RCI Says Wave Is ‘Solid,’ But Nervous Investors Send Stock Sliding

Cruise Week

Under pressure from geopolitical issues and concerns ranging from China’s economy to the soaring USD, cruise stocks opened the year with the worst January since the Concordia disaster in 2012.

Admittedly, the rest of the stock market struggled mightily as well, with its worst January performance since 2009. But cruise stocks struggled more than most of the market as a whole. For instance, Royal Caribbean ended January down more than 19% for the month. In comparison, the U.S. stock market was down just over 5%.

Given those numbers, there was heightened interest as to how business is holding up, leading into Royal’s earnings report and conference call yesterday morning.

As of Monday, prior to the call, there was a sense from various reports that business itself, at least from North America was fine despite the hurdles. But when the report actually arrived, general reaction from financial analysts was not as upbeat. Clearly, following a hugely successful 2015, analysts now see Royal as facing hurdles for 2016.
For instance, Patrick Scholes of SunTrust wrote: “2016 light - guidance below consensus.” Todd Jordan/Felix Wang of Hedgeye wrote, “High expectations and tepid guidance.”
The pair from Hedgeye explained their conclusion as follows: “RCL missed our expectations this morning on 3 fronts and offered less than stellar 2016 guidance:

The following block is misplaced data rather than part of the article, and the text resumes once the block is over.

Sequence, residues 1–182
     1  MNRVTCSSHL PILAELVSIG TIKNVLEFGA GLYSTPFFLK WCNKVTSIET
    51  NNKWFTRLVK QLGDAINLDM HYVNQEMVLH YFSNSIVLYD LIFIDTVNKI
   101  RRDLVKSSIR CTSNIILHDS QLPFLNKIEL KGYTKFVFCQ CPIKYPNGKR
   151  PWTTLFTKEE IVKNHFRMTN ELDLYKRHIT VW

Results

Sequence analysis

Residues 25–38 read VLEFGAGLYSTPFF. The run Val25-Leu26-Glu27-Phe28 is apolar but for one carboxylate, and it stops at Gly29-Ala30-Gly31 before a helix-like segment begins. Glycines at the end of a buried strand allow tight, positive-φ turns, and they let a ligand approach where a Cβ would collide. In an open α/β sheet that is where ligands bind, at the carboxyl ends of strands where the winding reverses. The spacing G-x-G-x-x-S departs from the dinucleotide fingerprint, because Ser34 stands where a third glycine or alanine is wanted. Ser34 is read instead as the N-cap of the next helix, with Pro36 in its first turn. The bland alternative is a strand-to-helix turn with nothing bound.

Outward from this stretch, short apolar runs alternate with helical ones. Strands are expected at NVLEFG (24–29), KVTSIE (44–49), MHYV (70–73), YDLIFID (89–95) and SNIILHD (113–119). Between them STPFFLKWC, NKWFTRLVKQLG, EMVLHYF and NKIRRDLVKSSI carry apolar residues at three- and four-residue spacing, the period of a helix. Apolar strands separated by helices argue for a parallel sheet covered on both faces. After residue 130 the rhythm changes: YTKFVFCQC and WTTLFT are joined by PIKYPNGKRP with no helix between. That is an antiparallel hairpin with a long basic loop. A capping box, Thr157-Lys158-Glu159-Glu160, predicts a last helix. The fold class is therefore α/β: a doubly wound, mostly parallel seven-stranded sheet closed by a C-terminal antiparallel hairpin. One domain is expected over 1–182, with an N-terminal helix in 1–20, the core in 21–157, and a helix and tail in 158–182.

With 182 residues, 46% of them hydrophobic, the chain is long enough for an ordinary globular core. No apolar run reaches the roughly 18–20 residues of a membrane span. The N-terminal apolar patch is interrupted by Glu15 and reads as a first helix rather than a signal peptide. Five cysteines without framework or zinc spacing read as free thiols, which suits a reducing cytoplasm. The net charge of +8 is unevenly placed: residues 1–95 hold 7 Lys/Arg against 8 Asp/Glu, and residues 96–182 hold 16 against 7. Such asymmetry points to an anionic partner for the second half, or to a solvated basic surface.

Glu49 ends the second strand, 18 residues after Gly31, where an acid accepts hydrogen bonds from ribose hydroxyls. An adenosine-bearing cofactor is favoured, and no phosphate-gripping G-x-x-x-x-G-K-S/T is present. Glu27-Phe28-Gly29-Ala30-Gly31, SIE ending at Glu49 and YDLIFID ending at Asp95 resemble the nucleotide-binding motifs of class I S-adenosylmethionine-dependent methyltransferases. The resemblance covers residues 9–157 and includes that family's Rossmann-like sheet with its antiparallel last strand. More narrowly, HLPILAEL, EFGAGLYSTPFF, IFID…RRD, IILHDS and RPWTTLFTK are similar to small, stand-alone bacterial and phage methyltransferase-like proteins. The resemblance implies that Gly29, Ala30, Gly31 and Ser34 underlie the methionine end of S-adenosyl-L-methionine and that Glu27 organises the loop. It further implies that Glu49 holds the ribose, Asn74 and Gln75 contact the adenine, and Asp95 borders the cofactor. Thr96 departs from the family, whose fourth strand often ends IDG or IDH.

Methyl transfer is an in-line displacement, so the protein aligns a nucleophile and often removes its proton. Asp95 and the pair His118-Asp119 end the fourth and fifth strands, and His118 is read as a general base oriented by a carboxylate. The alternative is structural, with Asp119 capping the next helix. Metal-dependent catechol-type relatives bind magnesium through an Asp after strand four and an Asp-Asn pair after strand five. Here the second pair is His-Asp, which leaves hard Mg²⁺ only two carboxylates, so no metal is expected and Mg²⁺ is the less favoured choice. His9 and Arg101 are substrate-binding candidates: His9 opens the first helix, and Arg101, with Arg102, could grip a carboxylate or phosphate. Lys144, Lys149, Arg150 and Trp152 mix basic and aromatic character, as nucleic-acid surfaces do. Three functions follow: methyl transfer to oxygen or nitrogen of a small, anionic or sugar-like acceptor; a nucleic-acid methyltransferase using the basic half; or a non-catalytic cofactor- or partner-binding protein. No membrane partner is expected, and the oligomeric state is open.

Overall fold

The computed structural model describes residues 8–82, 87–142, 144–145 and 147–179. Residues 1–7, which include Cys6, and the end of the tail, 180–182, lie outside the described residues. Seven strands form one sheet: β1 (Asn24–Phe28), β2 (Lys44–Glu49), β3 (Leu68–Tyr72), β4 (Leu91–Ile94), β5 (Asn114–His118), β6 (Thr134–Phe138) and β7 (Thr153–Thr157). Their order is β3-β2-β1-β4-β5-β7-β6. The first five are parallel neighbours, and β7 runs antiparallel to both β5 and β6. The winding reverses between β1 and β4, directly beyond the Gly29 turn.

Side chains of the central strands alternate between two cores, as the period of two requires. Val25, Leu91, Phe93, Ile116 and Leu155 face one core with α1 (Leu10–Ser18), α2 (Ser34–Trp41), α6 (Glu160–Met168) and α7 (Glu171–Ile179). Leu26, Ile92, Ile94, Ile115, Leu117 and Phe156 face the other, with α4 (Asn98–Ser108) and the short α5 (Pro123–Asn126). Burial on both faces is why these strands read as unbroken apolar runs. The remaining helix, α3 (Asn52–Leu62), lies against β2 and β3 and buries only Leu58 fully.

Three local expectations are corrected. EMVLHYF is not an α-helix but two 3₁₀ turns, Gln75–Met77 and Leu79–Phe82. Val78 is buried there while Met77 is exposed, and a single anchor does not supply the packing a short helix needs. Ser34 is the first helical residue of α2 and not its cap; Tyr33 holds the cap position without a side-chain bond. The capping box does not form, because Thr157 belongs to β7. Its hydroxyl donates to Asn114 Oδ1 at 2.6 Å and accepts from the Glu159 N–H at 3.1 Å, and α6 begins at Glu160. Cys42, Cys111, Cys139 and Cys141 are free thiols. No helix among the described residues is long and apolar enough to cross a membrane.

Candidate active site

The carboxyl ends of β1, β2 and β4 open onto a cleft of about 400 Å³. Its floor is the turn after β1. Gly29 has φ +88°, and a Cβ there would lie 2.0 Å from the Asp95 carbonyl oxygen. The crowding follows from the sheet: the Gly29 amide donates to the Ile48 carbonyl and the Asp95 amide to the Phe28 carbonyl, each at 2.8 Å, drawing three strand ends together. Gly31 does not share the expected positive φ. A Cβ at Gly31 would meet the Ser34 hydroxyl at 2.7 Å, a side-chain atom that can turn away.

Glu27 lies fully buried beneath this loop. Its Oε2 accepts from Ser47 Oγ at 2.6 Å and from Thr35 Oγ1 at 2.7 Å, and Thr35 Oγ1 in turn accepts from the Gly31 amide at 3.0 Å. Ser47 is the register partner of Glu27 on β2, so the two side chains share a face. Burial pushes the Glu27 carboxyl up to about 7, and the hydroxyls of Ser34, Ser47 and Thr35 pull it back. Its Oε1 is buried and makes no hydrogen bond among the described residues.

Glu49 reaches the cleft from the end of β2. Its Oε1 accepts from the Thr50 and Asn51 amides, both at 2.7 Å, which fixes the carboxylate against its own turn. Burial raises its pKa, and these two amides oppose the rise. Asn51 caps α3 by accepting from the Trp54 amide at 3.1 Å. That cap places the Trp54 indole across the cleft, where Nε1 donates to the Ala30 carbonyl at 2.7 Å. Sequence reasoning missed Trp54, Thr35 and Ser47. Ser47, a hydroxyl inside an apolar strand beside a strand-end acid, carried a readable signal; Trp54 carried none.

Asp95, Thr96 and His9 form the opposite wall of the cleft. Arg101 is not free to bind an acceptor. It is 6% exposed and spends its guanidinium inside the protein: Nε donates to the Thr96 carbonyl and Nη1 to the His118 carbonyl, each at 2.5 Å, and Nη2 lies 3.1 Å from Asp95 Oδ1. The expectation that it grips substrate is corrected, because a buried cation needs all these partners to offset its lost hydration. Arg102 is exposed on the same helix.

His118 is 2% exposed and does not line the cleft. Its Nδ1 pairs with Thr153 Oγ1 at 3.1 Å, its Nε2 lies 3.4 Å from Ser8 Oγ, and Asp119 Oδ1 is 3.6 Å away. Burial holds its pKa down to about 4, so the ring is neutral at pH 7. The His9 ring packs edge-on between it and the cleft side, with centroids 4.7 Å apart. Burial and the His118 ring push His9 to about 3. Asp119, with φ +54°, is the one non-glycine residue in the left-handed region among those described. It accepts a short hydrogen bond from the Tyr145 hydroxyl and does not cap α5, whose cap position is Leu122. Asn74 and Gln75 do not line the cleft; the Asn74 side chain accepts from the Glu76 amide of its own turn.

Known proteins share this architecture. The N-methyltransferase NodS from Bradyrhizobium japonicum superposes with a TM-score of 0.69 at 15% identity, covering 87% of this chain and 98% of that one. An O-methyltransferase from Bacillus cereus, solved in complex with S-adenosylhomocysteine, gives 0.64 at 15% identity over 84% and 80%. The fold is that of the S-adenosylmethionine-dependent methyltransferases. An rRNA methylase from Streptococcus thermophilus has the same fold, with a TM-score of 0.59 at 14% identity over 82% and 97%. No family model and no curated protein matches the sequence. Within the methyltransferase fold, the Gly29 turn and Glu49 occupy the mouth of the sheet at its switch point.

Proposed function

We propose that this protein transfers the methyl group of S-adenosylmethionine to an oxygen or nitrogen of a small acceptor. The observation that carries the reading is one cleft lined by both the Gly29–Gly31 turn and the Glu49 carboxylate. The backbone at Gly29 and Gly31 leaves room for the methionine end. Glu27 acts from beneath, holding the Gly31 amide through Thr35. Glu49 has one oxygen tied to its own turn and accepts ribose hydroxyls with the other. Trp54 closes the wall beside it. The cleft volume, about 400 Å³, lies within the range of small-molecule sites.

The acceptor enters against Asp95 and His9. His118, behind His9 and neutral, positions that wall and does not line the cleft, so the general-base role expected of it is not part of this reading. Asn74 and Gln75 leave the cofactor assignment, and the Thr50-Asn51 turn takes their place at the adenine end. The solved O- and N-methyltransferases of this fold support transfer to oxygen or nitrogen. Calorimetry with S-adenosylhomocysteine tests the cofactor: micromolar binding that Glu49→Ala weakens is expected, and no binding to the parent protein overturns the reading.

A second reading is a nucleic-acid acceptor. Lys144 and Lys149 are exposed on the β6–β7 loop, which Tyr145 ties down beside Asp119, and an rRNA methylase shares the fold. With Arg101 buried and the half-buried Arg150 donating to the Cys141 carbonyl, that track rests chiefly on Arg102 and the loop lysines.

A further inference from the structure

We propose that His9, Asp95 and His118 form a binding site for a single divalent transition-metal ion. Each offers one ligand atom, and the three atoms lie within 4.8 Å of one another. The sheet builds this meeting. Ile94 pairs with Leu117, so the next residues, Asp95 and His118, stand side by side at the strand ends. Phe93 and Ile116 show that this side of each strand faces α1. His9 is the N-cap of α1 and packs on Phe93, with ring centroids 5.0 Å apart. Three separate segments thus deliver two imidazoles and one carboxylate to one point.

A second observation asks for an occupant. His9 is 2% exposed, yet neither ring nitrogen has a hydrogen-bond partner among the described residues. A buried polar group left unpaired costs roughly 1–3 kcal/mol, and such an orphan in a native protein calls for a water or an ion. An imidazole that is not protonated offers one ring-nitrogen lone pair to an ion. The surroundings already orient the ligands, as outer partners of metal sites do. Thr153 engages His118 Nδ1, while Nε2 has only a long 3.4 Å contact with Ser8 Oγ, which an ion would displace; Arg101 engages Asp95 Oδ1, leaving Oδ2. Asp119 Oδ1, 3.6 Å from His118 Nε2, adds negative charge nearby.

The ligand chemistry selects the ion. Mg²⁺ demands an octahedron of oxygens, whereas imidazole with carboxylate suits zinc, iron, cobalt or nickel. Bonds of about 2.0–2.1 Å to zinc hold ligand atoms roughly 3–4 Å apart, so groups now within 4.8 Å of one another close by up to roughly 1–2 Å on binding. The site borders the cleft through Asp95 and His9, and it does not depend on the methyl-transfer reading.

1) slower 2016 bookings growth relative to where they stood last quarter;

2) Q4 2015 yield and revenue miss relative to consensus;

3) higher cost guidance due to smaller than expected gains on fuel expense.”

During the actual conference call, Royal’s stock dropped dramatically, well into double digits, down by 18% at one point. Still, execs were uniformly upbeat during their prepared commentary and emphasized that overall sales from North America are doing well.
“We’re happy to report this is proving to be a solid Wave,” said Chairman & CEO Richard Fain. “As we have seen, geopolitical concerns can also turn the demand environment from time to time. These threats are generally limited to pockets of our portfolio, and we generally manage through them.”
CFO Jason Liberty added the following: “We are seeing particular strength from the North American consumer and our Caribbean and Alaska products are currently booked at record load factors.”
Liberty’s comments mirrored retail reports: “We did experience a softening in North American demand for a short period after the Paris attacks in November… demand quickly returned to typical levels, although pricing remains below the same time last year for eastern Mediterranean sailings.”

During their prepared comments, Royal execs skipped references to the Zika virus and how the strength of the USD is impacting business, but it came up quickly during the Q & A session.

Royal Caribbean International President & CEO Michael Bayley indicated no impact from Zika so far. “To date we have really seen no impact whatsoever. It’s really been immaterial. Obviously, it’s all over the media and we see it, but to date we haven’t had any material impact.”

So business from North America appears OK at this time, but cruise stocks remain under pressure due to the global situation.

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